Articles Tagged with cryptocurrency

cp22-300x167
As cryptocurrency evolves and comes into more common usage, so too do the regulations put in place to manage it. Upcoming laws and legal actions are likely to place more governmental controls over how virtual currencies are handled, and that means investors, firms, miners, and so forth need to be aware of the potential legal ramifications they may face in the near future.

The laws that currently (or may eventually) apply to virtual currencies like Bitcoin or Ethereum include those described in this article.

SEC Guidelines Over Cryptocurrency

GettyImages-919078630-2-300x200
Given how cryptocurrency is not backed by any central authority, there is relatively little regulation governing it. That said, it is still taxable, particularly when it’s exchanged as payment or held as a capital asset. Because of that, Bitcoin, Ethereum, and other virtual currencies often need to be reported on your income tax return.

When Cryptocurrencies Are Not Taxed

But first, there are situations where cryptocurrency isn’t taxed. If you have purchased virtual tokens with your own money, it is not considered income. As such, until you sell it for a profit or loss, you won’t have to report it.

The recent bill H.R. 3684, also known as the infrastructure bill, has been hotly debated in the Senate. The bill requires massive amounts of funding, and one of the ways lawmakers are trying to secure those funds is through cryptocurrency brokers. Specifically, the bill would require brokers who deal in digital assets to report customer information, though many have argued that the way it defines “broker” in this sense is too broad.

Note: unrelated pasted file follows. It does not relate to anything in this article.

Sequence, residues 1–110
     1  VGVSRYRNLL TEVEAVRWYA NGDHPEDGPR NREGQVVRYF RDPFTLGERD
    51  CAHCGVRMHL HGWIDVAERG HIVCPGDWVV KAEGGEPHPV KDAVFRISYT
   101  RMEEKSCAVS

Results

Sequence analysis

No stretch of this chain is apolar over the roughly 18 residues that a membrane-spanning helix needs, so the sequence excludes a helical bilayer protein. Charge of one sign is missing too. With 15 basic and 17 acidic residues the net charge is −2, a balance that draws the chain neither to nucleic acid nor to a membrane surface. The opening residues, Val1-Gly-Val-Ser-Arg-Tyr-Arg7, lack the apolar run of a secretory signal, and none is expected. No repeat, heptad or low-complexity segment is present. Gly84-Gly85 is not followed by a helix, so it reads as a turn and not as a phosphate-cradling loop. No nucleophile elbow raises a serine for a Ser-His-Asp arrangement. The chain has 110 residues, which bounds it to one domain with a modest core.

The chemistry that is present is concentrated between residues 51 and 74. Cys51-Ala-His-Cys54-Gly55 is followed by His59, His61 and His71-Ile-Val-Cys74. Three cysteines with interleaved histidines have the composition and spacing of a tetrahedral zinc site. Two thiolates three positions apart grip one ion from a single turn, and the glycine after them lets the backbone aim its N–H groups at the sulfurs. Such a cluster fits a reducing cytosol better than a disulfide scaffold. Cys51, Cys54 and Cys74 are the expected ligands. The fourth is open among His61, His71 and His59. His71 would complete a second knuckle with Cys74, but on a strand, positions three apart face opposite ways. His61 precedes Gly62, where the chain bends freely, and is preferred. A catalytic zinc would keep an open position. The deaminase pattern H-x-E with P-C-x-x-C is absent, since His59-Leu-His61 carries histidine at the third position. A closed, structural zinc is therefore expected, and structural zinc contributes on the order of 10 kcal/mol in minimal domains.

As it makes its way into the House of Representatives, many people in the crypto-trading space are uncertain about what the bill means for their industry.

Return Requirements for Brokers

Mergers and acquisitions are terms often used in the same breath, even to the point where we abbreviate them as M&A. However, while they both refer to the joining of two companies together, they are very different concepts.

Here, we’ll go over the differences between mergers and acquisitions and why you might opt for one or the other.

The Main Difference Between Mergers and Acquisitions

Cryptocurrency and the IRS

As Bitcoin, Ethereum, Zcash, and other forms of virtual currencies become more and more prevalent, many people have begun facing the tax implications of their trading, buying, and selling activities on the blockchain. Numerous individuals have accumulated a great deal of wealth thanks to this new technology, and the IRS has taken notice.

As the technology and the usage thereof develop, so too will the codes and rules set forth by the IRS over how this type of income should be reported and taxed. When it comes to planning for the tax implications of buying and selling cryptocurrencies, making an ICO, or engaging in other business transactions involving blockchain technology, you need an attorney who is both experienced in tax law as well as up-to-date on the latest developments.

Contact Information